The other day a question came up within one of the forums that I follow about an ADR failing to download a software update. This was my first question, “Can you download the software update outside of the SCCM console?” They basically replied, “How can you do that?” After doing a quick search, I didn’t find any blog posts about how to do this fairly simple task, so I decided to put one together. The answer to this question, “How to download a software update outside of the SCCM console?” is shown below. Just for simplicity, I broke this process down into five different phases.
• Phase 1 – Locate the Software Update in the SCCM Console
• Phase 2 – Notepad
• Phase 3 – Download a Software Update
• Phase 4 – Proxy Servers
• Phase 5 – Anti-Virus Software
Phase 1 – Locate the Software Update in the SCCM Console
Open the SCCM console and expand Software Library | Overview | Software Updates | All Software Updates.
In the search bar, enter the KB or Article ID that you want to find and then click on the Search button.
Right-click on the software update in question and then select the Properties item.
On the popup window, select the Content Information tab.
Notice that the Source Path URL is listed? Select the first Content ID line by clicking on it.
While holding down on the control key, select the remaining Content IDs. Once they are all selected, use the ctrl-c option to copy the text.
Phase 2 – Notepad
Open Notepad and paste (ctrl-v) the results to it.
Manually remove all of the extra column details – Content ID, Downloaded, Language, and Size (MB). You only want the URL (Source Path) left.
Phase 3 – Download a Software Update
There is no real trick to this process. First, open any browser and paste the first URL. Make sure that you hit enter and watch the file download. Performing this initial test indicates whether or not the problem is related to SCCM, or if it is external to SCCM.
If the download fails, like it did in the forum poster’s case, this is NOT a problem with SCCM. When the software update fails to download at this stage of testing, the problem is likely related to a proxy server, a firewall, the network, etc.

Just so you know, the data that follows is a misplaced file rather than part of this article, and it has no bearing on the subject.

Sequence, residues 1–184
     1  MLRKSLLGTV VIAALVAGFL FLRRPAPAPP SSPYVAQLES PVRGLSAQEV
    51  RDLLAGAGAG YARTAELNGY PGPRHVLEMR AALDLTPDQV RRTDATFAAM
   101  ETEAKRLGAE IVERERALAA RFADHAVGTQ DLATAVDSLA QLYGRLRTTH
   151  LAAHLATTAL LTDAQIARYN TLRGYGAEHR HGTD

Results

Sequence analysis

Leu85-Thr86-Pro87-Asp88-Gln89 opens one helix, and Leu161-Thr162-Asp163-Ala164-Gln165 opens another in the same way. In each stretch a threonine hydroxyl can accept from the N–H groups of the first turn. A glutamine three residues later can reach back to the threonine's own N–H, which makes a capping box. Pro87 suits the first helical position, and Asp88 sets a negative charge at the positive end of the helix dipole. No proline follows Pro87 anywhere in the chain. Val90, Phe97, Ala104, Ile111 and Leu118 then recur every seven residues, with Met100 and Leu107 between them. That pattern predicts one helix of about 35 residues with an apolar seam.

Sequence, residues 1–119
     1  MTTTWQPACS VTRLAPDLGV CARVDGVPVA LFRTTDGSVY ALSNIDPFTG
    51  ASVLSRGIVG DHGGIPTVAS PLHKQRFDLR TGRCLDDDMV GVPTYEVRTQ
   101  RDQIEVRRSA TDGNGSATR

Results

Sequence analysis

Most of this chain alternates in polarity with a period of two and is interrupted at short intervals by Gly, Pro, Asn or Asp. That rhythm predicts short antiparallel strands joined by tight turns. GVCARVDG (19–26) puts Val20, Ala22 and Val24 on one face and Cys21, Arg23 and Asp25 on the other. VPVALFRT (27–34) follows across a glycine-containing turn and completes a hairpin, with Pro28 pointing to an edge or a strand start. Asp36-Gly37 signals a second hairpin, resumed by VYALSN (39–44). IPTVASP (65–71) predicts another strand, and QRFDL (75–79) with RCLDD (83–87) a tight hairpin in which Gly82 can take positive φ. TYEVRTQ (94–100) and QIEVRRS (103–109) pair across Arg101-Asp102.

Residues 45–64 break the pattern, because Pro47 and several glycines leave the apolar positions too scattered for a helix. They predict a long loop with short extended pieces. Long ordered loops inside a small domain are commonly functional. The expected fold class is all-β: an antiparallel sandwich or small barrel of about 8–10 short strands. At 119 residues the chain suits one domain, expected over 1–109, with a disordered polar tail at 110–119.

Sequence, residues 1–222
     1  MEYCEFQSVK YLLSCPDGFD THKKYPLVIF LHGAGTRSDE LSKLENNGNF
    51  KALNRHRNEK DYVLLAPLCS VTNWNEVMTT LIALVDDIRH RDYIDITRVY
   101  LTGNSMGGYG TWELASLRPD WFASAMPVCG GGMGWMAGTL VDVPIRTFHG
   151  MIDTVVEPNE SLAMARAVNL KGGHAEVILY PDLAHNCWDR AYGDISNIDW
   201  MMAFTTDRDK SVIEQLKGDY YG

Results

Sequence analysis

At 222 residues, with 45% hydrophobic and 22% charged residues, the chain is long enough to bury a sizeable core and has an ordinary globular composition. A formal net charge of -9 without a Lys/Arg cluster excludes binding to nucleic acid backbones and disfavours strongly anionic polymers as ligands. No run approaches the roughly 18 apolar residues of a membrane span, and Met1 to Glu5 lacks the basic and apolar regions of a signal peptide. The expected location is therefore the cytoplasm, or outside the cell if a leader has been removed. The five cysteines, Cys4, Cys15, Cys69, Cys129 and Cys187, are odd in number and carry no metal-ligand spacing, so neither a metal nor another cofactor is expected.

When the file successfully downloads, you can look at it just as you would any other download within your Downloads folder. Repeat this process for each URL that you have for the software update.
If all of the software update files download successfully, then you can eliminate the problem stemming from a network, firewall, ISP, etc., setting. However, this does NOT remove proxy servers or anti-virus software from the list of items to review.
Phase 4 – Proxy Servers
Proxy servers are generally one of the first places I look at when troubleshooting similar issues. The confusing part is that some proxy servers hide themselves as firewalls or packet shapers. Therefore, when talking to your networking team, it’s extremely important to show them how to re-produce the error outside of SCCM because it shows them that SCCM isn’t the problem.
First, if you want to see what account (and setting) is being used for internet access, look at the site system properties for the Software Update Point (SUP). If an account is listed, use that account and repeat the test in Phase 3. When no account is listed, as shown within the screenshot above, this means that your SUP is using the local computer account to access the internet. If this is the case, then you can follow the steps in my blog post, How to Access the Local System Account, in order to launch the CMD as a local system account. After the CMD is launched, simply open a browser via the CMD and repeat the Phase 3 test.
With most proxy server authentication errors, you see a 407 error message. This basically means that the user is not authenticated to use the proxy server and therefore access is blocked. You need to talk to the network team in order to fix this issue.
Phase 5 – Anti-Virus Software
Generally, if you get to this point and you still don’t know what is causing the problem, your best bet is to temporarily turn off the anti-virus (AV) software and see if that solves the problem. If this doesn’t solve the problem, then you need to contact Microsoft Support because there isn’t a lot more that you can do testing-wise. If it does solve your problem, you need to talk to your AV team about fixing the problem.
Performing these tests removes SCCM from the equation of being the cause of the problem. Therefore, once you know what the error is, whether it’s a network or firewall or proxy server or maybe even an AV problem, then it is a lot easier for those teams to test and resolve the issue for you. Once you point them to the exact problem and how to reproduce it outside of SCCM, then it is up to them to resolve it for you. If you have any questions about how to download a software update outside of the SCCM console, please feel free to touch base with me @GarthMJ.